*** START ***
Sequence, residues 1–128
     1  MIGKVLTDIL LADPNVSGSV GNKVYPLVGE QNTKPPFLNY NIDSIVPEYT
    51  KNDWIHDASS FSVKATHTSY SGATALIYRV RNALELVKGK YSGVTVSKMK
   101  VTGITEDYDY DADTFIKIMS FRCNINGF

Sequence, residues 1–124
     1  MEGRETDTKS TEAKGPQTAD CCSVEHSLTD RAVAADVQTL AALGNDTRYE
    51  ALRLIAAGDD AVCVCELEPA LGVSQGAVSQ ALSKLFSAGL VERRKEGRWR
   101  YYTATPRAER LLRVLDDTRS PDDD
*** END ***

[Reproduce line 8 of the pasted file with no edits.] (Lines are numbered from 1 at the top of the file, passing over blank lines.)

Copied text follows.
   101  YYTATPRAER LLRVLDDTRS PDDD